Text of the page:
LFO provides training to DA’s in all districts, advisory services for those engaged in dairy business, and distribution of improved forage plants. Cowpea, Rhodes, Lablab, Desho grass, Elephant grass and Alfalfa were distributed to the farmers. However, only 3% of the farmers are using improved forages. The training was on dairy husbandry practices (feeding, health care, milking, keeping the quality of milk).

Artificial insemination service is provided with improved dairy breed semen for an affordable price. Two artificial insemination technicians are available in each district. It is difficult to deliver timely services because the number of kebeles is more than 10. LFO has the mandate to license and inspect private feed suppliers.

OCSSCO has as mission to alleviate poverty in Oromia through making financial services available. OCSSCO is found in all districts except Kofele. It offers a variety of loans:

solidarity group-based loans, women entrepreneurs development program loans, general purpose loans, and micro and small enterprise loans. Group members are used as collateral for other members of the group.

There are no special loans for dairy farmers.

The criteria for a loan are: no bad credit history, letter from the kebele administration, land ownership certificates and valid

identification card. Micro and Small Enterprise Loan targets unemployed youth and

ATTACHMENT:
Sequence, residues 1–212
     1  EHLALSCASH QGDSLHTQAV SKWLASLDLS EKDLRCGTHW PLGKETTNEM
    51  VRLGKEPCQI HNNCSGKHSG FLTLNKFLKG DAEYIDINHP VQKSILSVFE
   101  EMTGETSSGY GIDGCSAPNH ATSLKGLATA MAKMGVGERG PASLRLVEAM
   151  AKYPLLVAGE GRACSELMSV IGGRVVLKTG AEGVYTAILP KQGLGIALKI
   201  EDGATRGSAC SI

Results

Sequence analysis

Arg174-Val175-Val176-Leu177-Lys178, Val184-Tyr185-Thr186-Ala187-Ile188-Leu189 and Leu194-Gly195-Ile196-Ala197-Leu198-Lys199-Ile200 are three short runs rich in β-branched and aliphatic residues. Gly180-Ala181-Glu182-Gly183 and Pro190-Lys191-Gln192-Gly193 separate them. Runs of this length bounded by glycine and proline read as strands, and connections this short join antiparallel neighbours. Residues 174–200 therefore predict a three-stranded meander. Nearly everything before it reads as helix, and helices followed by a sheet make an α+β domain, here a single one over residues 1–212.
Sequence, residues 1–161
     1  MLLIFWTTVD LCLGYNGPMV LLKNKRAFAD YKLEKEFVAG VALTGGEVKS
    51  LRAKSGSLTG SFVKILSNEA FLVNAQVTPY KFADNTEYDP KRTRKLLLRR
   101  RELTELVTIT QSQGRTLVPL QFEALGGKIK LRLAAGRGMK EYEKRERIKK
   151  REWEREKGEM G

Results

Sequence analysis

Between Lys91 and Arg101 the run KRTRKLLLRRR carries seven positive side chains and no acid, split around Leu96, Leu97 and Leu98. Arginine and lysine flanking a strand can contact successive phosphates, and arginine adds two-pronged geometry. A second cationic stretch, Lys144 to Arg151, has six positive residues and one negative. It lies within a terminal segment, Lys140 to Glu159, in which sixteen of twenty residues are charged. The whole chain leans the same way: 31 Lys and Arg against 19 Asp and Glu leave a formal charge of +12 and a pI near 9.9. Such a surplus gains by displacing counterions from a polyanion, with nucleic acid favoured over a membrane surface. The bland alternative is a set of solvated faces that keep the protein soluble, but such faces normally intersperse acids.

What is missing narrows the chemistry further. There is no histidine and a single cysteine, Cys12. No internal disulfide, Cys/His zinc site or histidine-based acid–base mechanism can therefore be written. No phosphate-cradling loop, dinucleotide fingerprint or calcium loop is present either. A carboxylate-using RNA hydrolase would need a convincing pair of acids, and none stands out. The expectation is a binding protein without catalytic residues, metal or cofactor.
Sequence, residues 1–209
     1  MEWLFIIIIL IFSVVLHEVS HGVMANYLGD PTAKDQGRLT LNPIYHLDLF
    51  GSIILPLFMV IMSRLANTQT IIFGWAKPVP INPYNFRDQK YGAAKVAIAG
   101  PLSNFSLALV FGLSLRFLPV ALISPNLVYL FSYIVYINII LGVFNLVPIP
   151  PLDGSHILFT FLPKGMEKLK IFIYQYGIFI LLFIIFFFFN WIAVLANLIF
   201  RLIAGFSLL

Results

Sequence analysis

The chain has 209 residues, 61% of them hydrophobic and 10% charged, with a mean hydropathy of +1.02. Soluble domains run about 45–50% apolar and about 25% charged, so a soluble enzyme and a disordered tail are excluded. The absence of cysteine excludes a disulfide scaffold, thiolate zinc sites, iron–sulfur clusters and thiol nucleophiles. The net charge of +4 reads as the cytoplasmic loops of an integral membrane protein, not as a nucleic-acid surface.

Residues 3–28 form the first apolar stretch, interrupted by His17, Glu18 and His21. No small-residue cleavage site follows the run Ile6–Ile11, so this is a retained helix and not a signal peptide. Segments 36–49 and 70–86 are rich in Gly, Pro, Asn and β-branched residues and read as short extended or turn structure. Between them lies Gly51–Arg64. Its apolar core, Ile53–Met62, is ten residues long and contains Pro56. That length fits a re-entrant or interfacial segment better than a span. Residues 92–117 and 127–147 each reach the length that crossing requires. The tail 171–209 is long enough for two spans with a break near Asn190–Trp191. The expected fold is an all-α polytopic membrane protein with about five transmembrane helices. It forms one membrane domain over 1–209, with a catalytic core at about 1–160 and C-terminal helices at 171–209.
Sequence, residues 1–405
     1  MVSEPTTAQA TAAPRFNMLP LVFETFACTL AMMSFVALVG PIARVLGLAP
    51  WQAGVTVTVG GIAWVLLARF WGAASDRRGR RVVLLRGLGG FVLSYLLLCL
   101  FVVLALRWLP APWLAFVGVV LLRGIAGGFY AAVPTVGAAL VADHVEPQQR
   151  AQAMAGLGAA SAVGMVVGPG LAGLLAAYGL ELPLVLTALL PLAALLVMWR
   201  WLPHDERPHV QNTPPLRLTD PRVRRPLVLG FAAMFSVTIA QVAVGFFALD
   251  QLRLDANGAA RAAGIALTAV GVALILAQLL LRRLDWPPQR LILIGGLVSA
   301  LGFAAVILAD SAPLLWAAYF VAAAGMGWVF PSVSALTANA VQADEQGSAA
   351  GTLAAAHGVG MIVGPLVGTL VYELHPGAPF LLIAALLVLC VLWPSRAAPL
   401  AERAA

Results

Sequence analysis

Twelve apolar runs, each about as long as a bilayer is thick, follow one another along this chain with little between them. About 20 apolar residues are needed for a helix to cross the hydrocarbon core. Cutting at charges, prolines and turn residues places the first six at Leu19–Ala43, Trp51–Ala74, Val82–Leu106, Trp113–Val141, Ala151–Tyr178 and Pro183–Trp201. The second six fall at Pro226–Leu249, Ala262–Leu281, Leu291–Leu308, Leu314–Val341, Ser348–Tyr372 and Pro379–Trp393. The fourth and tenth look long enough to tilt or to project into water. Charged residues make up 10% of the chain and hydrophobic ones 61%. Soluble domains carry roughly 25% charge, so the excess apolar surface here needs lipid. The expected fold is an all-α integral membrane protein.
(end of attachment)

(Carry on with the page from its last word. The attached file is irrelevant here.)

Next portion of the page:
cooperatives engaged in any profitable business. The microfinance institutions face challenges in collecting loans from farmers,

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7 especially when farmers fail to harvest crops.

Bunsa Gonofa, Meklit and Metemamen are other available microfinance institutions in the milk shed and engaged in similar services as OCSSCO. Microfinance is the most suitable finance source for smallholder farmers, but the loans are small at small-scale level. Credit gave farmers opportunities to replace their local breed with the cross breed dairy animals, to construct a house and to buy fertiliser (Felleke et al., 2010), or for AI service, purchasing of feed and expanding land areas (Kenduiwa et al., 2016).

Table 2. Efficiency of supporter services. Data from parallel Practice Briefs

Suppor- ter

Indicator Effectiveness